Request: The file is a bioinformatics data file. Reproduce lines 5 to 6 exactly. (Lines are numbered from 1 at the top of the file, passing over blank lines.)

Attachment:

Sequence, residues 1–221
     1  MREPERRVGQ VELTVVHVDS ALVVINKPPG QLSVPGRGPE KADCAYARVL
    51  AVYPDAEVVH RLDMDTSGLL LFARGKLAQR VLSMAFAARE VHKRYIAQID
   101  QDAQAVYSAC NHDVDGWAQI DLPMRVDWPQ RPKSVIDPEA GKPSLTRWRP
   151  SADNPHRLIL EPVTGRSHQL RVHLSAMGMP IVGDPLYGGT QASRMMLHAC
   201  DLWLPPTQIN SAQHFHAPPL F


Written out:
   151  SADNPHRLIL EPVTGRSHQL RVHLSAMGMP IVGDPLYGGT QASRMMLHAC
   201  DLWLPPTQIN SAQHFHAPPL F